Leila currently serves as Co-Chair of the Center for Constitutional Rights board and Member of Highlander Research and Education board. She also serves on the accountability council of the Numun Feminist Technology Fund and on the advisory committee of the African Women’s Human Rights Defenders Platform.  She has previously served on the boards of SisterSong Women of Color Reproductive Justice Collective, Women’s Global Network for Reproductive Rights, Global Fund for Women, Safe Abortion Access Fund and the Reproductive Health Technologies Project. She was elected as Treasurer and Executive Committee member of Prospera’s Board of Directors and to the Fenomenal Funds Steering Committee for four years. Leila holds an MPH in public health and a MA in Middle Eastern and North African Studies, studied Islamic law in Morocco and pursued doctoral studies in sociology in France. She has studied Arabic and German and speaks French and English fluently.

Faye Macheke

Co-Executive Director

Faye is a passionate Pan-African feminist, active in movements for women's rights, racial justice, migrant and labor rights, and environmental justice. Her activism builds on the legacy of the struggle against apartheid in South Africa and the aftermath of the apartheid era in Zimbabwe.

In 2019, Faye joined AWID as the Director of Finance, Operations and Development, and strived to ensure that AWID upholds the feminist principles and values in all of its operations. She brings over 20 years of experience in feminist leadership, strategy, and all aspects of finance and organisational development.

Faye is a committed Board Member of UAF-Africa and other women's rights organizations. She previously held a Head of Finance and Operations roles at Paediatric Adolescent Treatment for Africa and JASS - Just Associates Inc. in Southern Africa. She also held Directorship roles for International Computer Driving Licence (ICDL) in Central and Southern Africa. She holds a Bcompt in Accounting Science from University of South Africa and is a member of the Southern African Institute for Business Accountants.

Inna Michaeli

Co-Executive Director

Inna is a feminist queer activist and sociologist with many years of deep engagement in feminist and LGBTQI+ struggles, political education and organizing by and for migrant women, and Palestine liberation and solidarity. She joined AWID in 2016 and served in different roles, most recently as Director of Programs. She is based in Berlin, Germany, grew up in Haifa, Palestine/Israel, was born in St. Petersburg, Russia, and carries these political geographies and resistance to colonial past and present into her feminism and transnational solidarity.

Inna is the author of “Women's Economic Empowerment: Feminism, Neoliberalism, and the State” (Palgrave Macmillan, 2022), based on the dissertation which earned her a doctoral degree from the Humboldt University of Berlin. As an academic, she taught courses on globalization, knowledge production, identity and belonging. Inna holds an MA in Cultural Studies from the Hebrew University of Jerusalem. She is a Board Member of the Jewish Voice for a Just Peace in the Middle East (Germany), and previously of +972 Advancement of Citizen Journalism. Previously Inna worked with the Coalition of Women for Peace and she is passionate about mobilizing resources for grassroots activism.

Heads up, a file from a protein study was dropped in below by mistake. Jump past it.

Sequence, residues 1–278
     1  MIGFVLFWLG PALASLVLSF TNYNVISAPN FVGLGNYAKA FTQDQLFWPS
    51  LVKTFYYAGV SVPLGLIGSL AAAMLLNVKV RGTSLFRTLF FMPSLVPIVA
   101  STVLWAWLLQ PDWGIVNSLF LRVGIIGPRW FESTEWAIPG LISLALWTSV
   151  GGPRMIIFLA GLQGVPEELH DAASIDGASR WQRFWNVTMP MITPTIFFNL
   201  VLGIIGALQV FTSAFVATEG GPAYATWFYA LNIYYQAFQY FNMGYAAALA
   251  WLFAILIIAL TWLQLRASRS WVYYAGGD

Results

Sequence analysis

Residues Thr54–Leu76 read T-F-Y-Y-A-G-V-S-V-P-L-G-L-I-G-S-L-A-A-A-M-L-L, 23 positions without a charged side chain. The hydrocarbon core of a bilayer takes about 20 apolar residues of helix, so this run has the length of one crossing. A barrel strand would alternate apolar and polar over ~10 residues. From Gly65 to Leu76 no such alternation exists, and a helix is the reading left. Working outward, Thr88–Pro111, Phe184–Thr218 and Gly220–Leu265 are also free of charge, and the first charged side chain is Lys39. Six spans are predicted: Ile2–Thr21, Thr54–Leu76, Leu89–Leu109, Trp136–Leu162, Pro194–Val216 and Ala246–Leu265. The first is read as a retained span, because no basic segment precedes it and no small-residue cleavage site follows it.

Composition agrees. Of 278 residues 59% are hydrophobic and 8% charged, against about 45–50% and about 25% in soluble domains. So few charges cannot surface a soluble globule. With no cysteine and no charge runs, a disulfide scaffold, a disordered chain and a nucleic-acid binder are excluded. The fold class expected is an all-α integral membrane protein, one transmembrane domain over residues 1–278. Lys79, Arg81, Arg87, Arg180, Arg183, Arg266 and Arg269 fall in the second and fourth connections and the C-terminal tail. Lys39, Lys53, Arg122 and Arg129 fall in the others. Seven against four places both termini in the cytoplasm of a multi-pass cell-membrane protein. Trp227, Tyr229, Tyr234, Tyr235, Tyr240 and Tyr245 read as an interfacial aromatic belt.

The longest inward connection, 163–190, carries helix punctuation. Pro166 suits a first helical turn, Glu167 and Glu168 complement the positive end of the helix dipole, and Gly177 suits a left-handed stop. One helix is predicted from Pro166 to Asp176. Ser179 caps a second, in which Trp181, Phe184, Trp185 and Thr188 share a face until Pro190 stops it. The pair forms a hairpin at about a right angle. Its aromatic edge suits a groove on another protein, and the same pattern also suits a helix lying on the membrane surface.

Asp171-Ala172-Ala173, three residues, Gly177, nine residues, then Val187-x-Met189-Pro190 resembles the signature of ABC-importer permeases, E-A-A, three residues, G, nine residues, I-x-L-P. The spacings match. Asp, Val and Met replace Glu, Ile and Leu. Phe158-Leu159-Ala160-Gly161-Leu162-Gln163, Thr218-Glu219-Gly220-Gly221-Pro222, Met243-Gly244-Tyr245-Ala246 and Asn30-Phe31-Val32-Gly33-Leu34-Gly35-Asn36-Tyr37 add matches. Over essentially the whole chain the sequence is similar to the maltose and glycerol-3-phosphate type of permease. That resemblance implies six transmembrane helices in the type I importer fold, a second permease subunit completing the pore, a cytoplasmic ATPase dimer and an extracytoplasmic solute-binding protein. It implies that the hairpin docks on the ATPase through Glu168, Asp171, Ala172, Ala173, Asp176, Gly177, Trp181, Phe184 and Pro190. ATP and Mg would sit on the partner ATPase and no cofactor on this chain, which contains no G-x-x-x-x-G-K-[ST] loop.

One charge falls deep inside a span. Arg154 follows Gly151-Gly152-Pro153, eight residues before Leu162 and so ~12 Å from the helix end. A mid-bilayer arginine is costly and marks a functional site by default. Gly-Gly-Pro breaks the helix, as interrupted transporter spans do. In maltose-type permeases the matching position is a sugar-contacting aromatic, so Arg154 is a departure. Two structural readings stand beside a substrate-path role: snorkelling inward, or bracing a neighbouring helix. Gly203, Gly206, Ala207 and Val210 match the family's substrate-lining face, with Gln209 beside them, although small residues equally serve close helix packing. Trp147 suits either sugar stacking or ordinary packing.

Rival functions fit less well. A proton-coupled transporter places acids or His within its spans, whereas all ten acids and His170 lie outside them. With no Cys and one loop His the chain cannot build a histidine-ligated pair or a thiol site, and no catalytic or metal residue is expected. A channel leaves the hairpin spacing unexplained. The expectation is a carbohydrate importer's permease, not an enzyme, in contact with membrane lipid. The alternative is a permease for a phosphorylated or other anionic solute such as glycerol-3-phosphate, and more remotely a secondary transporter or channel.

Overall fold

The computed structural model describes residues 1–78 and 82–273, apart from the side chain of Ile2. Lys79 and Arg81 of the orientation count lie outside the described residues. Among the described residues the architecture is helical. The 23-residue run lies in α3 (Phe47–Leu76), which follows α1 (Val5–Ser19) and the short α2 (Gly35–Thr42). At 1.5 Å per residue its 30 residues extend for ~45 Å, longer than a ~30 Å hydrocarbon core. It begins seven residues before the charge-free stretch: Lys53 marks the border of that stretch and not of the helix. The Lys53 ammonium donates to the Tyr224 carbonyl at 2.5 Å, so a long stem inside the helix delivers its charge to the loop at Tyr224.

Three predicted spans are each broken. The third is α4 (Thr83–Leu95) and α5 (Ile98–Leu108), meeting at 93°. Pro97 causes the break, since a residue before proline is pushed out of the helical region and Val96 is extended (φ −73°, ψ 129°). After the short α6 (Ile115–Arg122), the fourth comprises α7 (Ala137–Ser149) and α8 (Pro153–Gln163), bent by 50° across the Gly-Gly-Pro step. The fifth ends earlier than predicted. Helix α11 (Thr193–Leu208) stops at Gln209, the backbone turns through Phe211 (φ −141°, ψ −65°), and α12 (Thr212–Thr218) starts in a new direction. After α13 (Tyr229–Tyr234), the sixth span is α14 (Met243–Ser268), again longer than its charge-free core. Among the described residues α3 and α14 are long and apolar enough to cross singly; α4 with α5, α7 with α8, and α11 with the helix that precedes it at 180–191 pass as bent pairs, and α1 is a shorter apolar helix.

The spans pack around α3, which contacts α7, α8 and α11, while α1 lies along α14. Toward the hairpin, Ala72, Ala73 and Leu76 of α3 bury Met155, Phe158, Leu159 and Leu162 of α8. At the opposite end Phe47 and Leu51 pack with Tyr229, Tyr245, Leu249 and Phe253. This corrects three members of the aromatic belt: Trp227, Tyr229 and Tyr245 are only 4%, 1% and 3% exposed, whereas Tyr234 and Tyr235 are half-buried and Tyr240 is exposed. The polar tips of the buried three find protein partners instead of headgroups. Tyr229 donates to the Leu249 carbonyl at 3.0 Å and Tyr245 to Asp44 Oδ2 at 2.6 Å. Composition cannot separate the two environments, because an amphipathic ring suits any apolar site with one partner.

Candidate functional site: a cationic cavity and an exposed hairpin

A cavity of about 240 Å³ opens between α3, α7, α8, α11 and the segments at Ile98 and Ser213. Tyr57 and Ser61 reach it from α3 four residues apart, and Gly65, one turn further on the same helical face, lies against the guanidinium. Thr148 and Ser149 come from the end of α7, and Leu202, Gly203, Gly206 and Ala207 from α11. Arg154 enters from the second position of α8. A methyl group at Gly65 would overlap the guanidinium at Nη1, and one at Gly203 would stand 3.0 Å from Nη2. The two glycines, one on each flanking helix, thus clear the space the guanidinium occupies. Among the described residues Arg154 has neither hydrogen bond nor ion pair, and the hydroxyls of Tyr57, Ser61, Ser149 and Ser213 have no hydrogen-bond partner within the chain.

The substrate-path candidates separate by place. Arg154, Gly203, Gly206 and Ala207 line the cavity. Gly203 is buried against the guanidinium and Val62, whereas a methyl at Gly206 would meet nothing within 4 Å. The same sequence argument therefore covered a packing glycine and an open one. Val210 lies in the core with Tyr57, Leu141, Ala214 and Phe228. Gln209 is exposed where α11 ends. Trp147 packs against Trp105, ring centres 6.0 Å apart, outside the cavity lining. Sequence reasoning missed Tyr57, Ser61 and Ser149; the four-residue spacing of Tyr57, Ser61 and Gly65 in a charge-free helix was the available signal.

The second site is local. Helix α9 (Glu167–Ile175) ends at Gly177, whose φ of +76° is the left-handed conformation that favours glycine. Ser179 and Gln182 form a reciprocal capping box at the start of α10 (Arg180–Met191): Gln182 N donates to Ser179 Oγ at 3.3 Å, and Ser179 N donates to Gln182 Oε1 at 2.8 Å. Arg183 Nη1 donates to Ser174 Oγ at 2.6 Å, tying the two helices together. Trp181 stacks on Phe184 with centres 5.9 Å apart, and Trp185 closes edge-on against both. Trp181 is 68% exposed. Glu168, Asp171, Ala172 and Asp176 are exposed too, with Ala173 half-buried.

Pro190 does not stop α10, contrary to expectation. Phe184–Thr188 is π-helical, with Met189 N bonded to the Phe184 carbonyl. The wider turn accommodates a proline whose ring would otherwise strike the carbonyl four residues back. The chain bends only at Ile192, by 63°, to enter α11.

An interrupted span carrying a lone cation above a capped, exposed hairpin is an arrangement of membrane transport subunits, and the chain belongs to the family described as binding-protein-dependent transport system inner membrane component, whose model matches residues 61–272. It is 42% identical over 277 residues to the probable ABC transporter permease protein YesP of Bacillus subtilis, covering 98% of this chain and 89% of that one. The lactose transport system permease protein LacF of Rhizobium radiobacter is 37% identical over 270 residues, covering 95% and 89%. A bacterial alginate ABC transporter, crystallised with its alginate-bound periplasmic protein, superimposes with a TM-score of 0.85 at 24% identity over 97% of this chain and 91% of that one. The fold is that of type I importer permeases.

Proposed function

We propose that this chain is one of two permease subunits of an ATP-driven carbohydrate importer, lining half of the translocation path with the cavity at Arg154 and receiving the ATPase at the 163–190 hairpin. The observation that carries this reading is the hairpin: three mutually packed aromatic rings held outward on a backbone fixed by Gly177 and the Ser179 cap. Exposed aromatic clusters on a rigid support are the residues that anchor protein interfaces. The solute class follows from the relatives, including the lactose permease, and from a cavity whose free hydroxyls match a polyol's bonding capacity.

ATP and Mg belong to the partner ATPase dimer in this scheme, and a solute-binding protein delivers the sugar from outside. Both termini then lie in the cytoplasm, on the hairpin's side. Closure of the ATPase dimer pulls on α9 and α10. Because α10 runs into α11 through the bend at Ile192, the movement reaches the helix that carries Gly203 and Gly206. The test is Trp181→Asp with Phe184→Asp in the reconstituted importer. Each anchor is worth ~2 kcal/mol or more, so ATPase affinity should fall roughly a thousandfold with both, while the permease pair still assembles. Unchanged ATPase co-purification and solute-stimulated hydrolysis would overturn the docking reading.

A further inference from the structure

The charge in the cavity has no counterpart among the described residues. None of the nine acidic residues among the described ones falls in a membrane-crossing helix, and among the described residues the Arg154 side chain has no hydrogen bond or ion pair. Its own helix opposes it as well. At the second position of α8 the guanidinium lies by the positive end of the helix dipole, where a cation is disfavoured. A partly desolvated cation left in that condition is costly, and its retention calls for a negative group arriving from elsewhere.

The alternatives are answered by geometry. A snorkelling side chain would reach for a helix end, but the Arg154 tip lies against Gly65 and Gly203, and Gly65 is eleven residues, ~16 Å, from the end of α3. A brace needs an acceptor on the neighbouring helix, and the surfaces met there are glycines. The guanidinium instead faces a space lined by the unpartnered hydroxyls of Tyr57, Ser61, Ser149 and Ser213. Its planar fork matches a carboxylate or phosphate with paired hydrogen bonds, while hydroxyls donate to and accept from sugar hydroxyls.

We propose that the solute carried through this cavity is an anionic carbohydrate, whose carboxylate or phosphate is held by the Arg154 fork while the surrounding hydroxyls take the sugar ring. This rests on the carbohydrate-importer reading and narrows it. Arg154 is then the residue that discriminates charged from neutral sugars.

Claudia Montserrat Arévalo Alvarado

Claudia is a feminist psychologist with a Masters degree in Development Equality and Equity. She has been a human rights activist for 30 years, and a women’s rights activist for the last 24.

Claudia works in El Salvador as the co-founder and Executive Director of Asociación Mujeres Transformando. For the past 16 years she has defended labour rights of women working within the textile and garment maquila sector. This includes collaborations to draft legislative bills, public policy proposals and research that aim to improve labour conditions for women workers in this sector. She has worked tirelessly to support organizational strengthening and empowerment of women workers in the textile maquilas and those doing embroidery piece-work from home.

She is an active participant in advocacy efforts at the national, regional and international levels to defend and claim labour rights for the working class in the global South from a feminist, anti-capitalist and anti-patriarchy perspective and class and gender awareness raising. She is a board member with the Spotlight Initiative and its national reference group. She is also part of UN Women’s Civic Society Advisory Group. 

Sarah Mukasa

Sarah Mukasa is a pan Africanist feminist with over 15 years’ experience in leadership and management at senior levels in the not for profit sector in Africa and Europe. She is currently the Deputy Director at the Open Society Initiative for Eastern Africa where for the past 5 years she has strengthened the organisation’s support for feminist organizing in Eastern Africa. She has insisted on supporting local, autonomous organizing of women and gender non-conforming led initiatives with core support in order build institutional resilience.

She has also been pivotal in mobilizing support for continental feminist initiatives with OSF. Before joining OSIEA, Sarah was the Director of Programmes at the African Women’s Development Fund (AWDF) where she was instrumental in ensuring the growth of the organisation to become one of the largest women’s funds in Africa with a series of award winning and cutting edge programmes. Sarah has extensive experience in advocacy, policy development, resource mobilization, organizational development, programme management and movement building. She has written extensively on human rights, women’s rights, and is a founding member of highly influential initiatives such as African Women Leaders Institute and the African Feminist Forum.